Anyone who has ever read an Ayn Rand novel or George Orwell's 1984 is familiar with the lifeless patterning of the propaganda state, where the big lie is repeated so steadily that it is eventually mistaken for truth. As speaker after speaker on the opening night of the Republican National Convention took their turns at spinning a "We Built It" fantasy -- based not on what President Obama said or intended to say about small business but on an imagining of what might turn the maximum number of voters against the president -- the Grand Old Party opted for repetition over revelation.
Aside from Ann Romney's assurance that what she has with her husband of 43 years is a "real marriage," the only compelling speeches and storylines of the night came from the candidates the Republican Party rejected. Former Pennsylvania Senator Rick Santorum and, even more consequentially, the absent Ron Paul.
Santorum got a prime-time speaking spot, in return for agreeing to pretend to be happy about endorsing the candidate he once blasted as the "worst Republican in the country to put up against Barack Obama."
Despite his awkward circumstance, Santorum brought the crowd to its feet with a speech so rhetorically rich that delegates were instantly reminded that it was Mitt Romney's money -- not his personal appeal or his message -- that won him the nomination. Santorum, the Anyone-But-Romney candidate who came closest to stopping Romney, tried to connect not just with the base but with a broader electorate that actually works for a living.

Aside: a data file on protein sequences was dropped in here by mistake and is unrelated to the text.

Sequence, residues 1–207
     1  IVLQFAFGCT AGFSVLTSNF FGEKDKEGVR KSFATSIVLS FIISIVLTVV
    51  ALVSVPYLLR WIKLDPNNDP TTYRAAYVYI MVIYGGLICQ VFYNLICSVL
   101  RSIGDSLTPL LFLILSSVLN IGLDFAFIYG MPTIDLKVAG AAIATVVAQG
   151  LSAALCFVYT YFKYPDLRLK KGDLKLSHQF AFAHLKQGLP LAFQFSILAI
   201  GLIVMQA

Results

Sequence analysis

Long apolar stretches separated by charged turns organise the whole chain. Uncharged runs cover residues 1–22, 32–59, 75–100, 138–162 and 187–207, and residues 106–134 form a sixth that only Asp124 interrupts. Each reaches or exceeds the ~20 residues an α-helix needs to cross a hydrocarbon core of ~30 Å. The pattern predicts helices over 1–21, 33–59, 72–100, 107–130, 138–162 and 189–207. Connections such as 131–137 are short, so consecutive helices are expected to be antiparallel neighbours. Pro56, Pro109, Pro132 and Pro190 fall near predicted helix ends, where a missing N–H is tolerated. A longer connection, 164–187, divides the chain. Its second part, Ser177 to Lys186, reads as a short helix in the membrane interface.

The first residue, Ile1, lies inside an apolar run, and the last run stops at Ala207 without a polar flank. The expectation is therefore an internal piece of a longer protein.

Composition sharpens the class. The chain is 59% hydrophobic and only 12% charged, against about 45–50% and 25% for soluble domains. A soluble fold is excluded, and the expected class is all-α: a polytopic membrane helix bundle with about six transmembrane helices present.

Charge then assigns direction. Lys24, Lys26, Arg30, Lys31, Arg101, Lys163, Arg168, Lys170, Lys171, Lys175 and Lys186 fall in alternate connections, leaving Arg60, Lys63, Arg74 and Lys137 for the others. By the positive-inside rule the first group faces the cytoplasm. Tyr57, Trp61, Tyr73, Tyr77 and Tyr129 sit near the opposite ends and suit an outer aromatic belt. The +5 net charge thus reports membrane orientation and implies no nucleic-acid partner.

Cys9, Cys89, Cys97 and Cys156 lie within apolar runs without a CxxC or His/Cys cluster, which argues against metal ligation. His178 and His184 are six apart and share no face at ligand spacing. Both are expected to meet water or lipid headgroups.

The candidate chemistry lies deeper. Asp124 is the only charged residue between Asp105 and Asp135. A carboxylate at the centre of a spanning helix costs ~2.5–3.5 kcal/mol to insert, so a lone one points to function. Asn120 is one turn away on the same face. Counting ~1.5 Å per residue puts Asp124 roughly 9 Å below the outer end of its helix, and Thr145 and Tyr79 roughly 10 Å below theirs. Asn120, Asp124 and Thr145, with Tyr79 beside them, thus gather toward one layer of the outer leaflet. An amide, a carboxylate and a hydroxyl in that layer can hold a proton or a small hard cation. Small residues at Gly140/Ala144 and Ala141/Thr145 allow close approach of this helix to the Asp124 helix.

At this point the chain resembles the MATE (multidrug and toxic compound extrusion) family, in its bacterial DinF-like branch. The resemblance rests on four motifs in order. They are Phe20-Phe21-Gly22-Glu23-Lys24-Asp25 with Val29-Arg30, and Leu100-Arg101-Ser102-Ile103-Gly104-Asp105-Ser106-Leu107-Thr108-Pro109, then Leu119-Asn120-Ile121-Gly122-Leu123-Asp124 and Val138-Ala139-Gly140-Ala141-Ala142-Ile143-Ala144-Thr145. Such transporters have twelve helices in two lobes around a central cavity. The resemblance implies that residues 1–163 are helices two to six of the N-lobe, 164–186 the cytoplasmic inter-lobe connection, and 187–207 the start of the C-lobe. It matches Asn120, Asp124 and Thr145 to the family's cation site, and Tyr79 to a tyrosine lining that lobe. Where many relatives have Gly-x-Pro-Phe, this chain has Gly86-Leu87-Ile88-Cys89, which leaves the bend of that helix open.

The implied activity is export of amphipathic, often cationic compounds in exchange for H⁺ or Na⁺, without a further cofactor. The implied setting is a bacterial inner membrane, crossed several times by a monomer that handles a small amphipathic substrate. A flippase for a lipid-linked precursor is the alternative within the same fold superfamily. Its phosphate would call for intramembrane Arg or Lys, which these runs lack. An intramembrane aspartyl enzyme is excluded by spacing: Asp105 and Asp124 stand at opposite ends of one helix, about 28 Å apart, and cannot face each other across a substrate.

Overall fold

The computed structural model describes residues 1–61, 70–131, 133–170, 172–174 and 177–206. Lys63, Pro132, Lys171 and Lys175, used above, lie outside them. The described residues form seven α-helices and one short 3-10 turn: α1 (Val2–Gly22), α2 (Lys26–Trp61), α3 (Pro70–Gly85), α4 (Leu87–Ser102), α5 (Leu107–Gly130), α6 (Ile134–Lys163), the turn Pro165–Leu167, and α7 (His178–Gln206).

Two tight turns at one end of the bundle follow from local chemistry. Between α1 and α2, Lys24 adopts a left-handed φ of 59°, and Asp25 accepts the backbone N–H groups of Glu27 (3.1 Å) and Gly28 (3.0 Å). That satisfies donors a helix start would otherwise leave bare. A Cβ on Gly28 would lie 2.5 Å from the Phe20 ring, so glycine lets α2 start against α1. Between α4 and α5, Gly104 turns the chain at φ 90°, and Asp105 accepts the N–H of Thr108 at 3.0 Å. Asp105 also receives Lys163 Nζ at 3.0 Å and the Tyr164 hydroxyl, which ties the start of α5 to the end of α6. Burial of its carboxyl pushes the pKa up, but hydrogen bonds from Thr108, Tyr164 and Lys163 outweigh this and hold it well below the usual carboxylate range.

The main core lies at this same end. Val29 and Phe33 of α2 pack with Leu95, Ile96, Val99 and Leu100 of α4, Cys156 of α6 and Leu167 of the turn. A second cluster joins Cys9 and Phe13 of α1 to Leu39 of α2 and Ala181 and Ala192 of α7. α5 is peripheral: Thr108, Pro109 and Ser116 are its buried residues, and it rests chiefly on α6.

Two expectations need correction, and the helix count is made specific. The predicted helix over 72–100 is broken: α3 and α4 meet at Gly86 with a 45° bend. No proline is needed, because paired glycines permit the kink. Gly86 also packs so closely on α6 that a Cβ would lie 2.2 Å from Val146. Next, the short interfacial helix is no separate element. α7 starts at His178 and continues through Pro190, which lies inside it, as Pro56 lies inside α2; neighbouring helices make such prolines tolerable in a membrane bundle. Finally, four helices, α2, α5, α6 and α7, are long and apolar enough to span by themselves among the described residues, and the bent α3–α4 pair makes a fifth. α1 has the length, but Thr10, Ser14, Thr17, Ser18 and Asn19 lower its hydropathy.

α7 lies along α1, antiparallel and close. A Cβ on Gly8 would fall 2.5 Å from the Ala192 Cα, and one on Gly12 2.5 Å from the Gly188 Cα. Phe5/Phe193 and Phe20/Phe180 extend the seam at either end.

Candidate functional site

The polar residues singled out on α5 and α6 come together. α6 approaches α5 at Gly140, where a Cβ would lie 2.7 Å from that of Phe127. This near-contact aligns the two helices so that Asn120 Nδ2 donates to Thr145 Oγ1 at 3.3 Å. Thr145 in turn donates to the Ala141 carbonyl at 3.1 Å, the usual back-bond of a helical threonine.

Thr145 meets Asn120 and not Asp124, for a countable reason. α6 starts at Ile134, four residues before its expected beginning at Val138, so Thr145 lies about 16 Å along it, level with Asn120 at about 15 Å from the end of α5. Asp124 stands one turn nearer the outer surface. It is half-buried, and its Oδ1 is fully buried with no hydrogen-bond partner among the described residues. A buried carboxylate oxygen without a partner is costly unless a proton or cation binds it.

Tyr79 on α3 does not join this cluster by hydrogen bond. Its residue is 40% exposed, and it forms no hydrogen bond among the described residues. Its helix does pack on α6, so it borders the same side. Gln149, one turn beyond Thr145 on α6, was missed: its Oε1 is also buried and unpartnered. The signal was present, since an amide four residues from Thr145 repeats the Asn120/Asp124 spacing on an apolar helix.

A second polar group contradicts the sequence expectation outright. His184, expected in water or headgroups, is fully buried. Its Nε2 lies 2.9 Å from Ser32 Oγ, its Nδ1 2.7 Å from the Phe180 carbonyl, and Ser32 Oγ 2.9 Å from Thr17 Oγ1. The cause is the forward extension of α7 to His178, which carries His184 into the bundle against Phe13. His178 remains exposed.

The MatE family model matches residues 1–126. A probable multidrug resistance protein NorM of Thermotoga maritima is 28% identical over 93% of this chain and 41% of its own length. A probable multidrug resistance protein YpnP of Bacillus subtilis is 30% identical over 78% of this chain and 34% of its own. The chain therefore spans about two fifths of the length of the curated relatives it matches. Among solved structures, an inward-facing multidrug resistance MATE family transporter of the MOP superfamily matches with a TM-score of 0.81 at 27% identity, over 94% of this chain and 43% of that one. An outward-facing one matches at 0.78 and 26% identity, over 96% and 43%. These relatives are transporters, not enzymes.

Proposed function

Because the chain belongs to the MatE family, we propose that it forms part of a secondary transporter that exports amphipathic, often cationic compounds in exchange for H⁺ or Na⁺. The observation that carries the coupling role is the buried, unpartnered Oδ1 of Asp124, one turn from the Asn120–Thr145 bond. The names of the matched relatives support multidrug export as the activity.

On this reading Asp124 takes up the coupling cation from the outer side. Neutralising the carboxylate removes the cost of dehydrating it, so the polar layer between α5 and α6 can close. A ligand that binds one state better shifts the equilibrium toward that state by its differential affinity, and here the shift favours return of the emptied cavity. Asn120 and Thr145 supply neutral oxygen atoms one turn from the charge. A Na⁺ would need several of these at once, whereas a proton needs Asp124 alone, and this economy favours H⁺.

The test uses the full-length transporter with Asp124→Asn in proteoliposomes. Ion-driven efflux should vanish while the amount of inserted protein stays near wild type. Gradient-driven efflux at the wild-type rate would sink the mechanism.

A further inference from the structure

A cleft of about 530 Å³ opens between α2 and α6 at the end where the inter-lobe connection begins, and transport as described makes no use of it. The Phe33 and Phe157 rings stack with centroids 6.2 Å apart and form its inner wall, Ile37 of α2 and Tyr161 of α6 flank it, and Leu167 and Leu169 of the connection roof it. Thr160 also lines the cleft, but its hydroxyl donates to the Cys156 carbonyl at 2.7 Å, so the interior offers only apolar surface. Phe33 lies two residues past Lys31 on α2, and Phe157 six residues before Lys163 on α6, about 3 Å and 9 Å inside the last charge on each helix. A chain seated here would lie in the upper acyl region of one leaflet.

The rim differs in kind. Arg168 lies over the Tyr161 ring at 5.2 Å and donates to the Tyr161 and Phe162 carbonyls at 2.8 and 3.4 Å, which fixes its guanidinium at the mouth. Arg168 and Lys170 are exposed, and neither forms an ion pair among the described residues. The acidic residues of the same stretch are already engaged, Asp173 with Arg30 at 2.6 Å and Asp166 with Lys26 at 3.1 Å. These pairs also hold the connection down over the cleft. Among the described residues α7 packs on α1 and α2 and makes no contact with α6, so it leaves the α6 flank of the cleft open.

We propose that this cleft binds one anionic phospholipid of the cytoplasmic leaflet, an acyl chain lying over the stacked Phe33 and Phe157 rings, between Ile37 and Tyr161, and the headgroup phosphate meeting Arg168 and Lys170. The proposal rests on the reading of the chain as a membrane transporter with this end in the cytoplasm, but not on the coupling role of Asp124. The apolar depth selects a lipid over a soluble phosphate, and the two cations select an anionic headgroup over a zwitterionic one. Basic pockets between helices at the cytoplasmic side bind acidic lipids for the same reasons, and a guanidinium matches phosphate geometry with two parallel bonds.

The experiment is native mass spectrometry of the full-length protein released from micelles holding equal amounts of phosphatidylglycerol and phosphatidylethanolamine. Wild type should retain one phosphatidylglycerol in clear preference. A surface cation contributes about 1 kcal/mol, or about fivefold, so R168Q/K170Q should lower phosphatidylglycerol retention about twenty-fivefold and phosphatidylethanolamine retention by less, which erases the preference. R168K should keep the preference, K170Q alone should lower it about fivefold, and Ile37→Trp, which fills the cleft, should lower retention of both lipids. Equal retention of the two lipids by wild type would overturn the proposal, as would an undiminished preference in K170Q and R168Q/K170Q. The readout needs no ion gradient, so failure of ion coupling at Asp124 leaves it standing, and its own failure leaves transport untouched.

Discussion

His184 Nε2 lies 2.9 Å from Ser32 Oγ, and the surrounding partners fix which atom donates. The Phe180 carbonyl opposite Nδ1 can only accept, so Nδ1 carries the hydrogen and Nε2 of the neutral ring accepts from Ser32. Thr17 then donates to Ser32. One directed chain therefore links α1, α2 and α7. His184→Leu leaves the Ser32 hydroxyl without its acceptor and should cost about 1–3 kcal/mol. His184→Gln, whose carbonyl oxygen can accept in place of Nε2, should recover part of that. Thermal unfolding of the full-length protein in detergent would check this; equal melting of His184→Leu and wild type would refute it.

Paul backers had enough delegates and support in the states to have their candidate's name put in nomination . But that didn't count in the Priebus party. As the New York Times noted: "Delegates from Nevada tried to nominate Mr. Paul from the floor, submitting petitions from their own state as well as Minnesota, Maine, Iowa, Oregon, Alaska and the Virgin Islands. That should have done the trick: Rules require signatures from just five states. But the party changed the rules on the spot. Henceforth, delegates must gather petitions from eight states."
But Priebus did not just rewrite the rules of 2012. More ominously, he and the Romney team rewrote the rules of 2016. The party brass engineered a fundamental change in the next nominating process in order to assure that neither Paul -- nor anyone else as interesting, or dissenting -- will ever again be able to beat the establishment at its own game and win substantial numbers of delegates. The Paul delegates, many Tea Party conservatives and a number of renegade Romney delegates objected, creating the only real drama of the day, and the convention.
As Priebus and his allies gaveled objections down, the Paul delegates shouted their disapproval from the back-of-the-hall seats to which states with substantial Paul contingents had been relegated. "It's a coronation," said David Aiello, a medical student from Rhode who, like many Paul delegates, complained that "the party leaders, the people in charge, they don't want a real debate. That's obvious this week."
Aiello, 25 years old, savvy, smart and highly engaged, is precisely the sort of young person the Grand Old Party needs to bring into its ranks. "That's what I thought," said Aiello. "But I'm not getting that vibe."
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